News Articles Library Event Photos Contact Search

Displaying items by tag: Museum

City boosters in this Nordic capital dream of a Guggenheim museum of Finnish wood rising near the Baltic Sea and one day drawing millions of tourists and cruise passengers. But the huge costs of the proposed development are stirring a backlash here against an institution that is ordinarily accustomed to eager suitors.

The proposal for the city of Helsinki to team up with the Solomon R. Guggenheim Foundation in New York to build a museum here is splitting politicians into camps of pro-business supporters seeking the wealth and attention that comes with an international brand, and Social Democrats and other left-of-center party members who are skeptical about shouldering the costs of a 130 million euro ($177 million) development deal.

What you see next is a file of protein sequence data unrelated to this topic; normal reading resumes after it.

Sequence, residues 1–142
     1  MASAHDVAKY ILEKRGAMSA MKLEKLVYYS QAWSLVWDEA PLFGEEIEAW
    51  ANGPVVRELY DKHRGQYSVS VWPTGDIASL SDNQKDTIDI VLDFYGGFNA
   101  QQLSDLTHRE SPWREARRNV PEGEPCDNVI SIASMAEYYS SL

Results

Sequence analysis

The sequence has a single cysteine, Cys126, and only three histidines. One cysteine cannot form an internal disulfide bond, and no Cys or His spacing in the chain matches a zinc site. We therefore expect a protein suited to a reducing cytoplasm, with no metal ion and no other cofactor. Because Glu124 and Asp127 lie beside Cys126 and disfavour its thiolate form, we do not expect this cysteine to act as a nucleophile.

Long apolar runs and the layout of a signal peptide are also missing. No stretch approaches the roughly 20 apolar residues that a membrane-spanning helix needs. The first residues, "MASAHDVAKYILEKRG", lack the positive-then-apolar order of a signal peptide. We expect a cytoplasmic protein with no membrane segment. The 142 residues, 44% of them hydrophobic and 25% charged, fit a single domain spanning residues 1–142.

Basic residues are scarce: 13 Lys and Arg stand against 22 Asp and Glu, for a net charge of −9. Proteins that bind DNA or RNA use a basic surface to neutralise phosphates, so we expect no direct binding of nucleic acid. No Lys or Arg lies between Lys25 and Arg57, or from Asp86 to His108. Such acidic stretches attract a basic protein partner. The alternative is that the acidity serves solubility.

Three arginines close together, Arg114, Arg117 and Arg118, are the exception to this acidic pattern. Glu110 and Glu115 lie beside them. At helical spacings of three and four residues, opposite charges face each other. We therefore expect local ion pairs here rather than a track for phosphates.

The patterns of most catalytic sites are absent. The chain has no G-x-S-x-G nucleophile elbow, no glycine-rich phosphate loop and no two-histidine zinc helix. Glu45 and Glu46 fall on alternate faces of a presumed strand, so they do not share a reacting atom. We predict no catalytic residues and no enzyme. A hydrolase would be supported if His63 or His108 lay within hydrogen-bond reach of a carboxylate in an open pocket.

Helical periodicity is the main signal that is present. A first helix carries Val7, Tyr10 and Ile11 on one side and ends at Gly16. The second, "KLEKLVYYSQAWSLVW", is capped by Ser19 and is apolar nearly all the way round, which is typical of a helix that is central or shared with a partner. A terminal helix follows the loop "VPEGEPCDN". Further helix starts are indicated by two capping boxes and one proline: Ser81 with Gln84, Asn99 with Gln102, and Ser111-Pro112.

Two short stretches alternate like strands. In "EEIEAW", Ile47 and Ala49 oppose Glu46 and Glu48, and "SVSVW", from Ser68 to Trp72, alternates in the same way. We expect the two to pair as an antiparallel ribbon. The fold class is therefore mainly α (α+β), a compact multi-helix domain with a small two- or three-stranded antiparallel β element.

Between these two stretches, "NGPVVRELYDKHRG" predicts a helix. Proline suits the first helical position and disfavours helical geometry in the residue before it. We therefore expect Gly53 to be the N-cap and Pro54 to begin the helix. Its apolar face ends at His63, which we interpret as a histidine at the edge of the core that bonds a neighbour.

Published in News

Yorkshire Sculpture Park was on Wednesday named UK museum of the year, winning the £100,000 Art Fund prize with judges praising it as a "truly outstanding museum with a bold artistic vision."

The museum near Wakefield, spread out among 200 hectares (500 acres) of parkland, had modest beginnings, founded by Peter Murray in 1977 when he was principal lecturer in art history at Bretton Hall College and had the idea of putting some sculpture in the grounds. Today Murray is executive director of an organization which is one of the world's most important open air museums, with 160 staff and 220 volunteers.

Published in News

The Pérez Art Museum Miami wants a $2.5 million boost in government support, with taxpayers set to cover a third of the museum’s budget next year.